UNITED NATIONS — Secretary-General Ban Ki-moon reinforced the Security Council's call for "an immediate and unconditional humanitarian cease-fire" in the Gaza war on Monday and demanded that Israel and Hamas end the violence "in the name of humanity."
The U.N. chief accused Israeli Prime Minister Benjamin Netanyahu and Hamas leader Khaled Mashaal of being irresponsible and "morally wrong" for letting their people get killed in the conflict. He urged them to demonstrate "political will" and "compassionate leadership" to end the suffering of war-weary citizens.
"Gaza is in critical condition" after pummeling by Israeli forces that has killed helpless civilians and raised "serious questions about proportionality," he told reporters.
Ban said there must be accountability and justice for actions committed by all sides.
The secretary-general said he had a long talk with Netanyahu on Monday morning and urged the Israeli leader to accept a cease-fire, and then address the root causes of the conflict. He said he has been in indirect contact with Mashaal through Qatar and Turkey which have good relations with Hamas, the Palestinian faction that controls Gaza.
The Security Council issued its strongest statement yet on the Gaza war at an emergency meeting just after midnight, but it was not a resolution and therefore not legally binding — a point strongly criticized early Monday by the Palestinians, who said they will keep pressing the U.N.'s most powerful body to adopt a strong resolution.
The presidential statement urged Israel and Hamas "to accept and fully implement the humanitarian cease-fire" and said this would allow for the delivery of urgently needed assistance.
The council also called on the parties "to engage in efforts to achieve a durable and fully respected cease-fire, based on the Egyptian initiative."
The war, now in its 21st day, has killed more than 1,030 Palestinians, mainly civilians, according to the Palestinian health ministry. Israel has lost 43 soldiers, as well as two Israeli civilians and a Thai worker killed by rocket and mortar attacks from Gaza, according to the Israeli military.
The Palestinians and the Israelis both criticized the statement adopted by the council, which met as Muslims started celebrating the Eid al-Fitr holiday marking the end of the fasting month of Ramadan.
Palestinian U.N. Ambassador Riyad Mansour said the council should have adopted a strong and legally binding resolution a long time ago demanding an immediate halt to Israel's "aggression," providing the Palestinian people with protection and lifting the siege in the Gaza Strip so goods and people can move freely.
Nonetheless, Mansour expressed hope that Israel will "honor and respect" a new humanitarian cease-fire which the Palestinians hope will last "for a long time" so all outstanding issues can be addressed, especially the siege.
"You cannot keep 1.8 million Palestinian civilians in the Gaza Strip in this huge prison," he told reporters. "That is a recipe for disaster. It is inhumane, and it has to be stopped and it has to be lifted."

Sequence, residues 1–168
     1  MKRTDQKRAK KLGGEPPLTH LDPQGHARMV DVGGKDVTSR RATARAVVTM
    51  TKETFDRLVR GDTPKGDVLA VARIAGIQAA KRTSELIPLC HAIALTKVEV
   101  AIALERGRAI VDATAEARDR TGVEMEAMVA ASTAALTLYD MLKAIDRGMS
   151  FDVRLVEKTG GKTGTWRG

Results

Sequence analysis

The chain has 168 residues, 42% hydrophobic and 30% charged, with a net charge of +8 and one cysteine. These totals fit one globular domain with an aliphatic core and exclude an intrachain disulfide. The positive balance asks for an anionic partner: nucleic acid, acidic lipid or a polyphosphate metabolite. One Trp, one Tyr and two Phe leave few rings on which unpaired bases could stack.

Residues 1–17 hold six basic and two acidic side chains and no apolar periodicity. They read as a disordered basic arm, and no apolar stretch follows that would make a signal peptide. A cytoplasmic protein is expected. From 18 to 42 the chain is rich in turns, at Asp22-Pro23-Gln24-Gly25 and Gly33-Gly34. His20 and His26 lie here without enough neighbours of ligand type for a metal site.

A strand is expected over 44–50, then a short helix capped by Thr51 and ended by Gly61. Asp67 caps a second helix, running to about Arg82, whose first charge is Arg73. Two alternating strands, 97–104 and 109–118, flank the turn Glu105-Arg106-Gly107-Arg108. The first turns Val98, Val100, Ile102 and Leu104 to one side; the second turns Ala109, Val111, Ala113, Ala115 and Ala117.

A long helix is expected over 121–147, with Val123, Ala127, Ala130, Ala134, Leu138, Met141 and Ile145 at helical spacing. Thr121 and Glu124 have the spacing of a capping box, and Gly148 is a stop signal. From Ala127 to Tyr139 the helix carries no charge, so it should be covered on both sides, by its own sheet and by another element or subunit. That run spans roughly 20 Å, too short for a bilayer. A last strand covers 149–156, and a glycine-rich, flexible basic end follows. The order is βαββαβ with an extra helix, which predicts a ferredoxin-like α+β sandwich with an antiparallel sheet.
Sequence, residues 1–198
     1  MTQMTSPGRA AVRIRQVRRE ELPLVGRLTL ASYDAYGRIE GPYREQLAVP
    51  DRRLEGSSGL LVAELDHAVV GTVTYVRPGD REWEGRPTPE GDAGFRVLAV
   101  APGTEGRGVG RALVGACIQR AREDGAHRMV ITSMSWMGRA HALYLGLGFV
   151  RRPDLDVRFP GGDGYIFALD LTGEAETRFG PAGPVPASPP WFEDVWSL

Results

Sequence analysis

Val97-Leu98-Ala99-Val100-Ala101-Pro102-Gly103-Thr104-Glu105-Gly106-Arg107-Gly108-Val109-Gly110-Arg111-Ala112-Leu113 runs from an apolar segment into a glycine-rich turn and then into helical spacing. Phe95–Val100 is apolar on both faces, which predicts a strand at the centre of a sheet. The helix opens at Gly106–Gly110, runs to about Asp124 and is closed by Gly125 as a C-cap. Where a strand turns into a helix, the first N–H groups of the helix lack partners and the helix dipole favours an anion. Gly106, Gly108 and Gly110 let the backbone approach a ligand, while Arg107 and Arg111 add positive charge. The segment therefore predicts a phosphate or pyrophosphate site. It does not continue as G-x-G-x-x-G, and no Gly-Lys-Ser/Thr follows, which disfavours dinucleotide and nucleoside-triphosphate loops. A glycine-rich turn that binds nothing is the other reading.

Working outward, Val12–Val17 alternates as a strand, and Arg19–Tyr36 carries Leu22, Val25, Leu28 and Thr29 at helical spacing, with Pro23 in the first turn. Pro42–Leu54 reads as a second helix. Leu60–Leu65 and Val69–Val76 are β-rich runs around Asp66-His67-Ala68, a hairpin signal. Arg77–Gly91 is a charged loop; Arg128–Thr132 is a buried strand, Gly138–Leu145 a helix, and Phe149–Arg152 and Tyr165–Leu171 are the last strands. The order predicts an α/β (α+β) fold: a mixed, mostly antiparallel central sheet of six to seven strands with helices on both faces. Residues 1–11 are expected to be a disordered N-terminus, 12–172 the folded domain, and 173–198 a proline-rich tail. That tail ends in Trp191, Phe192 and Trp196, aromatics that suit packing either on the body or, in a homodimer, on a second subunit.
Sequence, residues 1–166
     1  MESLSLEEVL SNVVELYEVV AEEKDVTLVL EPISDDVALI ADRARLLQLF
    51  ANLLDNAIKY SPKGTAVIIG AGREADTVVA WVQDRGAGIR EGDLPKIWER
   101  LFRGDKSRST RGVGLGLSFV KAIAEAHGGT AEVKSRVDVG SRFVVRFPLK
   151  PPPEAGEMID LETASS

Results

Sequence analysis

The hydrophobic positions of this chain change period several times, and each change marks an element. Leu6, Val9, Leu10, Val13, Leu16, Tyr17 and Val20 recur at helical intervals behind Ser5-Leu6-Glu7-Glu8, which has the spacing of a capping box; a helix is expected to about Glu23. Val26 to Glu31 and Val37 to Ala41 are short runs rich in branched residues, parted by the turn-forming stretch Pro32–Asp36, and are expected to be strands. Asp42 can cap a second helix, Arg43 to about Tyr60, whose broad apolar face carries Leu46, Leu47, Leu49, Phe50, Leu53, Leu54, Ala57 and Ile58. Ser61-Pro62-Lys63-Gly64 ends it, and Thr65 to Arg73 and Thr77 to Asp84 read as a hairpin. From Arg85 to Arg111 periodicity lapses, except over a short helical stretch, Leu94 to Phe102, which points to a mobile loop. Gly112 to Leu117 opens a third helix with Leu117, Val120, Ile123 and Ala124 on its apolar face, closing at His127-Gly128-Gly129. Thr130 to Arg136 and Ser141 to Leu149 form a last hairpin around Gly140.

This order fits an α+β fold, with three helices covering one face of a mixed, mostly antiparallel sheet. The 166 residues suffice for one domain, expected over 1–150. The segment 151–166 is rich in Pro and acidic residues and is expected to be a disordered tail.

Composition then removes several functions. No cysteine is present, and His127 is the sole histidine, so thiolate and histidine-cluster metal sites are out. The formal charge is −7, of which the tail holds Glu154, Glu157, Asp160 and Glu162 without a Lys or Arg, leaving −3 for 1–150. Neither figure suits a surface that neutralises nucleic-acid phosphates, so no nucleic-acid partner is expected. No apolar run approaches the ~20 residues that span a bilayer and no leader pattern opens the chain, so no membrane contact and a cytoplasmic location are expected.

Israel's U.N. Ambassador Ron Prosor said the council statement didn't mention Hamas or the firing of rockets into Israel or Israel's right to defend itself.
He sidestepped several questions on whether Israel would accept a new humanitarian cease-fire, but stressed that it had agreed to five cease-fires since the conflict began.
Prosor directed his statement to countries that give money to the Palestinians in Gaza, saying, "Your tax dollars are not being used towards education, civil services or development — they are being used to develop a terrorist stronghold."
The Security Council is often deeply divided on Israeli-Palestinian issues, with the United States, Israel's most important ally, often blocking or using its veto on statements and resolutions pressed by the Palestinians and their supporters.
The statement was drafted by Jordan, the Arab representative on the U.N.'s most powerful body.
Jordan's deputy U.N. ambassador Mahmoud Hmoud said the presidential statement was the first Security Council document on the Israeli-Palestinian conflict since January 2009, when it called for an immediate cease-fire and withdrawal of Israeli forces from Gaza after another conflict with Hamas.
Presidential statements become part of the council's official record and must be approved at a council meeting. They are a step below Security Council resolutions, but unlike resolutions they require approval of all 15 members.
The statement never names either Israel or Hamas. Instead, it expresses "grave concern regarding the deterioration in the situation as a result of the crisis related to Gaza and the loss of civilian lives and casualties."
The presidential statement also commends efforts by U.N. Secretary-General Ban Ki-moon and U.S. Secretary of State John Kerry to achieve a cease-fire. Ban reiterated his call for a cease-fire Monday ahead of a scheduled address to U.N. correspondents on his mission.
In the longer term, the statement urges the parties and the international community to achieve a comprehensive peace based on the vision of two democratic states, Israel and Palestine, living side-by-side in peace "with secure and recognized borders."